ALONG with its regularly scheduled services, Bangladesh Inland Water Transport Corporation (BIWTC) is adding to its fleet strength with repaired old vessels to meet the rush of Eid travellers. The BIWTC 's reinstating some nearly eighty year old ships back into service highlights the inadequate fleet capacity of the state-owned corporation. More to the point, would the increased fleet strength, the way it's being done, upgrade the safety status overall? This question begs a satisfactory answer.
Especially restoration of four paddle-wheel steamers, the PS Ostrich, PS Lepcha, PS Mahsud, PS Turn, besides the screw-wheel motor vessel, the MV Banglaee, entails not only massive facelifts but their age-old storm warning systems and safety precautionary methods and capabilities will also need to be upgraded with advanced technologies.
MV Banglaee is our first home-made passenger steamer but it was suddenly withdrawn from service after four months of its commissioning, having been made with poor quality material and reportedly incurring losses. The steamers will not only need to be mechanically fit to carry the expected load, but adequately equipped with buoyant devices for keeping people afloat in an emergency. According to shipping laws of our land no ship is permitted to operate if it's older than 30 years. And the economic life of a water vessel is maximum 25 years.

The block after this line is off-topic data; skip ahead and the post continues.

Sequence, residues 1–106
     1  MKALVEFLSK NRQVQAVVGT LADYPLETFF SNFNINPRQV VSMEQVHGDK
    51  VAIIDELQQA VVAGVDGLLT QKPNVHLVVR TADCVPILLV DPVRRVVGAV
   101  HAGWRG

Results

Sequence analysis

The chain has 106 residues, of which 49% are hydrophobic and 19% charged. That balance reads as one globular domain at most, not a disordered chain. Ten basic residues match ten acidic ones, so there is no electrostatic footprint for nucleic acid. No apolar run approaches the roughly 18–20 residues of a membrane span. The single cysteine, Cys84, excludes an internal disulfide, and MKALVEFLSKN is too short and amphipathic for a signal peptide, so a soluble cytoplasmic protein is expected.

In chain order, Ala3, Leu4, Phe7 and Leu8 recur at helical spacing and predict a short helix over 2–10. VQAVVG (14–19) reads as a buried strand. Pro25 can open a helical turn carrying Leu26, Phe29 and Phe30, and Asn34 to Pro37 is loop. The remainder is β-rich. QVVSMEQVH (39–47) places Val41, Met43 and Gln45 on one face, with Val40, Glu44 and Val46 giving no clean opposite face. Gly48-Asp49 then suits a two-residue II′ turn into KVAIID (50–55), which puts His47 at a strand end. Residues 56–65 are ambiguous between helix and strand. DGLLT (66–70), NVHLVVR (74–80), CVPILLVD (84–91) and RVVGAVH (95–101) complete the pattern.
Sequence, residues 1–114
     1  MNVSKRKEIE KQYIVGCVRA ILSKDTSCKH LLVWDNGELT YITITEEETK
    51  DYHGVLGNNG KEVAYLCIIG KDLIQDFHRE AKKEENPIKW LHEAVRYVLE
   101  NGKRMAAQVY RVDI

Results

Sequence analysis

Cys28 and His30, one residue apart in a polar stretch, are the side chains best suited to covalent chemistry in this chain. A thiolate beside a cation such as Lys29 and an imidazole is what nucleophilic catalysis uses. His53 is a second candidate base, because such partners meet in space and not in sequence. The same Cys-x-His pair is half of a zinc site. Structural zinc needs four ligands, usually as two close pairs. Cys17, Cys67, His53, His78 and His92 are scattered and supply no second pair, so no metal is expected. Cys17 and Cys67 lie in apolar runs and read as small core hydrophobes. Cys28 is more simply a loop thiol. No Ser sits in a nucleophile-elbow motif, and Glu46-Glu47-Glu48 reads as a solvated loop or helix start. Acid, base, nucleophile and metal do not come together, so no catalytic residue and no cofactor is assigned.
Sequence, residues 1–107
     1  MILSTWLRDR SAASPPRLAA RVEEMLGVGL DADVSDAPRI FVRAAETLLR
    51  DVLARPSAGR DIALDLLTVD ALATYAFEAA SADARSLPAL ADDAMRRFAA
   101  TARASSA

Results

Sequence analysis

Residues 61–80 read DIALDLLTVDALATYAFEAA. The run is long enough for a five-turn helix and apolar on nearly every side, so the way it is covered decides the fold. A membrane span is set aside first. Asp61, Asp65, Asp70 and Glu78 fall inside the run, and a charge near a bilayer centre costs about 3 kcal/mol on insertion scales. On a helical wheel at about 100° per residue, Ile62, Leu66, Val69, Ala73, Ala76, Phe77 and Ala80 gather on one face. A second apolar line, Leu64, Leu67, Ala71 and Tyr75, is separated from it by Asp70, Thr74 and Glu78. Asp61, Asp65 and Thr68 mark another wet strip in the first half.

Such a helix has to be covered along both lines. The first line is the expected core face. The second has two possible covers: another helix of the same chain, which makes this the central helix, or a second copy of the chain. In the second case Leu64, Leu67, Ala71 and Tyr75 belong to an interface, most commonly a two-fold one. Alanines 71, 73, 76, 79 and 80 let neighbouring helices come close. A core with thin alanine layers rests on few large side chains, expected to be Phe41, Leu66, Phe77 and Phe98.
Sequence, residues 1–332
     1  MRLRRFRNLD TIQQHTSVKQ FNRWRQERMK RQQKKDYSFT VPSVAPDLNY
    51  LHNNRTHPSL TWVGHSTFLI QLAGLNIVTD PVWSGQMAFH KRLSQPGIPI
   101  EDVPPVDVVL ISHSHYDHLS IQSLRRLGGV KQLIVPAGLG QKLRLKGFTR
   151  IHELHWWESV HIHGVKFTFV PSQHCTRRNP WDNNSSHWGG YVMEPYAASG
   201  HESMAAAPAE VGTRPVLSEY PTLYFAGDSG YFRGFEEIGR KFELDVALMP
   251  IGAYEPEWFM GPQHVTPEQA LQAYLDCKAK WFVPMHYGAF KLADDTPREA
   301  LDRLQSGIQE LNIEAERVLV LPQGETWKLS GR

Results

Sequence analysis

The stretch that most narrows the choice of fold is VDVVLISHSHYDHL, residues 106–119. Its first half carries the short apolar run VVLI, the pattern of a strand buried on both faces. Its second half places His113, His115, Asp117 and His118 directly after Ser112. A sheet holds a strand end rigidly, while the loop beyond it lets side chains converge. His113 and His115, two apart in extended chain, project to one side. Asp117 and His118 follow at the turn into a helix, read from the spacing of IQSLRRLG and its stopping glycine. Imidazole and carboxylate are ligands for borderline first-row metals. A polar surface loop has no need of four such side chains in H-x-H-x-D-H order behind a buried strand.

So there are enough reasons for caution to be exercised in restoring old and expired ships. Given the shocking incidents of boat and ferry capsizes in Bangladesh ensuring safety to passengers should come on top of the priority list.